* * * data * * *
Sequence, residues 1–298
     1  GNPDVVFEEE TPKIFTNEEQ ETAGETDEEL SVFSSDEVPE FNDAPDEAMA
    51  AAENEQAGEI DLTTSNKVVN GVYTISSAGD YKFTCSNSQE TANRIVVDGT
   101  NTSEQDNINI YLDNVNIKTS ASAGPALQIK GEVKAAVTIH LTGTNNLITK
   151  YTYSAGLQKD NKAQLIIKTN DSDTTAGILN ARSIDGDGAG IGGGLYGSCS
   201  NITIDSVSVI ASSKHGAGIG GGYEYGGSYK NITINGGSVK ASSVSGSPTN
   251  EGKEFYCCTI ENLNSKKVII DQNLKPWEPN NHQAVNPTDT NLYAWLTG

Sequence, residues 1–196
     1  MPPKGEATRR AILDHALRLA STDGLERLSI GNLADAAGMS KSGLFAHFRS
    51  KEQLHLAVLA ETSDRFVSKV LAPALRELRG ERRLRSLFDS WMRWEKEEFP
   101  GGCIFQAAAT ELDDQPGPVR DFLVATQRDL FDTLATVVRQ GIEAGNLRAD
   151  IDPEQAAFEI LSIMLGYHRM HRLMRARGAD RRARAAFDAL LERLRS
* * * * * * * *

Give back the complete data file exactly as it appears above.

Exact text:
Sequence, residues 1–298
     1  GNPDVVFEEE TPKIFTNEEQ ETAGETDEEL SVFSSDEVPE FNDAPDEAMA
    51  AAENEQAGEI DLTTSNKVVN GVYTISSAGD YKFTCSNSQE TANRIVVDGT
   101  NTSEQDNINI YLDNVNIKTS ASAGPALQIK GEVKAAVTIH LTGTNNLITK
   151  YTYSAGLQKD NKAQLIIKTN DSDTTAGILN ARSIDGDGAG IGGGLYGSCS
   201  NITIDSVSVI ASSKHGAGIG GGYEYGGSYK NITINGGSVK ASSVSGSPTN
   251  EGKEFYCCTI ENLNSKKVII DQNLKPWEPN NHQAVNPTDT NLYAWLTG

Sequence, residues 1–196
     1  MPPKGEATRR AILDHALRLA STDGLERLSI GNLADAAGMS KSGLFAHFRS
    51  KEQLHLAVLA ETSDRFVSKV LAPALRELRG ERRLRSLFDS WMRWEKEEFP
   101  GGCIFQAAAT ELDDQPGPVR DFLVATQRDL FDTLATVVRQ GIEAGNLRAD
   151  IDPEQAAFEI LSIMLGYHRM HRLMRARGAD RRARAAFDAL LERLRS